hawatajwizp

2022-06-24

Find the limit of $\frac{{T}_{n}}{5n+4}$

Braedon Rivas

Assuming we know that ${U}_{n}$ converges (which is the premise of the question), we see that
$\underset{n\to \mathrm{\infty }}{lim}{U}_{n+1}=\underset{n\to \mathrm{\infty }}{lim}{U}_{n}.$
Then,
$\underset{n\to \mathrm{\infty }}{lim}\frac{{U}_{n}+3}{5-{U}_{n}}=\underset{n\to \mathrm{\infty }}{lim}{U}_{n}.$
Then, in the limit,
$\frac{{U}_{n}+3}{5-{U}_{n}}={U}_{n},$
and solving for ${U}_{n}$ gives ${U}_{n}=1$ or ${U}_{n}=3.$ However, since ${U}_{0}=0,$ it is clear that ${U}_{n}$ cannot exceed 1 and hence, $\underset{n\to \mathrm{\infty }}{lim}{U}_{n}=1$
Again, the premise of the question assumes that $\underset{n\to \mathrm{\infty }}{lim}\frac{{T}_{n}}{5n+4}$ converges. Then, we can write
$\underset{n\to \mathrm{\infty }}{lim}\frac{{T}_{n+1}}{5\left(n+1\right)+4}=\underset{n\to \mathrm{\infty }}{lim}\frac{{T}_{n}}{5n+4}.$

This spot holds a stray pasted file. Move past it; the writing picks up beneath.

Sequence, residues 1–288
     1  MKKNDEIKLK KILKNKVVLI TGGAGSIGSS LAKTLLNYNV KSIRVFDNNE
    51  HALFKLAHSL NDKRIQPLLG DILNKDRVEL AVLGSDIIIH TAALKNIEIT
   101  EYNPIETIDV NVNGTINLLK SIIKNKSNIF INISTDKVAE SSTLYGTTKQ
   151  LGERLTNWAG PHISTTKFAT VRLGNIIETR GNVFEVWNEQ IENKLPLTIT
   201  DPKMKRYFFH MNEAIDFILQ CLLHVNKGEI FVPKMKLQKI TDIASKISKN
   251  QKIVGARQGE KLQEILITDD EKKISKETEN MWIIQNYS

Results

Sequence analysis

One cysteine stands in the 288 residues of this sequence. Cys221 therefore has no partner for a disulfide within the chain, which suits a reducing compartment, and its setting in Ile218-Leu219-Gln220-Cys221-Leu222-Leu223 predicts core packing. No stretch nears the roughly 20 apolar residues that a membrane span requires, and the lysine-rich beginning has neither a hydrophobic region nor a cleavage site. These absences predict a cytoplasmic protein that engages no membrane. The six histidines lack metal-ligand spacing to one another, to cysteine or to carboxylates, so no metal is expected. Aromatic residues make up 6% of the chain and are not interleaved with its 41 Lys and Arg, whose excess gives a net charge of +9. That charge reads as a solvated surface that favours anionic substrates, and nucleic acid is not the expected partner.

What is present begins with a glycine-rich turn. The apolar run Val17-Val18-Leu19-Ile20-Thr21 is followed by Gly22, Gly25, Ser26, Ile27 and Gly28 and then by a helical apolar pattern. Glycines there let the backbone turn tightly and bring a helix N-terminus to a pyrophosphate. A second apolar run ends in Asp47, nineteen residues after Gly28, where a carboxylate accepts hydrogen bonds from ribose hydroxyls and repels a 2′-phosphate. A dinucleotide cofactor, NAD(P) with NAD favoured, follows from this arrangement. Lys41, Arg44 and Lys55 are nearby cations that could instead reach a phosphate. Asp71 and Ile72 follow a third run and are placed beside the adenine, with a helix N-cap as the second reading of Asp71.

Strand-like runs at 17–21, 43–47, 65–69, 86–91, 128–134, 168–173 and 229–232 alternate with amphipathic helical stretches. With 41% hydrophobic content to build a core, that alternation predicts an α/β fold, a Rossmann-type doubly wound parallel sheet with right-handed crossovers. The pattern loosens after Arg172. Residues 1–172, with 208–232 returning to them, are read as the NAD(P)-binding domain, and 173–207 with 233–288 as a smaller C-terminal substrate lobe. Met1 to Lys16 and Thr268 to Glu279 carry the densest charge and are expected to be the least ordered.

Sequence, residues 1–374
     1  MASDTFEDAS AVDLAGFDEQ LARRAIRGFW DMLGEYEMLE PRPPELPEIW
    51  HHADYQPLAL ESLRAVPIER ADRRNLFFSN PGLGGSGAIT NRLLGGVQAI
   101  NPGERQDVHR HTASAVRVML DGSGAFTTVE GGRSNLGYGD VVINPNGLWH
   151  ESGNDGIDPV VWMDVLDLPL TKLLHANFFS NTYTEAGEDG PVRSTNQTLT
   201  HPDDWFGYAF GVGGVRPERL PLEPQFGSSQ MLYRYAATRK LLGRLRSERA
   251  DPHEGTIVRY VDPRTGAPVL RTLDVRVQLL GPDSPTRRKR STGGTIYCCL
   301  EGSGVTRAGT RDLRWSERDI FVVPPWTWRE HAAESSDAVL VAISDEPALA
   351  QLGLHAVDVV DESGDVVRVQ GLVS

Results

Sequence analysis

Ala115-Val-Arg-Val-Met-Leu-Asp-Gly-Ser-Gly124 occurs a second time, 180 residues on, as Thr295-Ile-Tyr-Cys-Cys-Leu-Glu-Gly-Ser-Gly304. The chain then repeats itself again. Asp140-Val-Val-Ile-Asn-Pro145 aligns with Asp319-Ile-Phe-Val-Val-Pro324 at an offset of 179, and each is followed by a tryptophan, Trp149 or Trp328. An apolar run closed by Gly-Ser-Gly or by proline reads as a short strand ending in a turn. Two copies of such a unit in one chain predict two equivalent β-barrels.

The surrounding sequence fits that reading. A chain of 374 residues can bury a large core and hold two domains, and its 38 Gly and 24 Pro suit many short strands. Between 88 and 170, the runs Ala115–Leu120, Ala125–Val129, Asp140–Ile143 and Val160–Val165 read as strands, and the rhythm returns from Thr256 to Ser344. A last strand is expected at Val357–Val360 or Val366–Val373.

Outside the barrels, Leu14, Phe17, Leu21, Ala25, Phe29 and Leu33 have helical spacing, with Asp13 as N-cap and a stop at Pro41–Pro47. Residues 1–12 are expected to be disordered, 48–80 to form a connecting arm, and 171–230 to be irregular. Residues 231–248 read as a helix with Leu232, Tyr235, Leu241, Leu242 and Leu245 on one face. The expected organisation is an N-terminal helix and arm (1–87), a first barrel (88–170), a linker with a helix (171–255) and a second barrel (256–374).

Further, we see that, through the sum,
${T}_{n+1}=\sum _{k=1}^{n+1}\frac{1}{{U}_{k}-3}=\left(\sum _{k=1}^{n}\frac{1}{{U}_{k}-3}\right)+\frac{1}{{U}_{n+1}-3}={T}_{n}+\frac{1}{{U}_{n+1}-3}.$
We also know that $\underset{n\to \mathrm{\infty }}{lim}{U}_{n+1}=1,$ so $\underset{n\to \mathrm{\infty }}{lim}\frac{1}{{U}_{n+1}-3}=-\frac{1}{2}.$ Thus, in the limit, we have
$\frac{{T}_{n+1}}{5\left(n+1\right)+4}=\frac{{T}_{n}-\frac{1}{2}}{5n+9}=\frac{{T}_{n}}{5n+4}.$
Finally, solving for ${T}_{n}$ gives
${T}_{n}=-\frac{1}{10}\left(5n+4\right),$
so
$\underset{n\to \mathrm{\infty }}{lim}\frac{{T}_{n}}{5n+4}=-\frac{1}{10}.$

Do you have a similar question?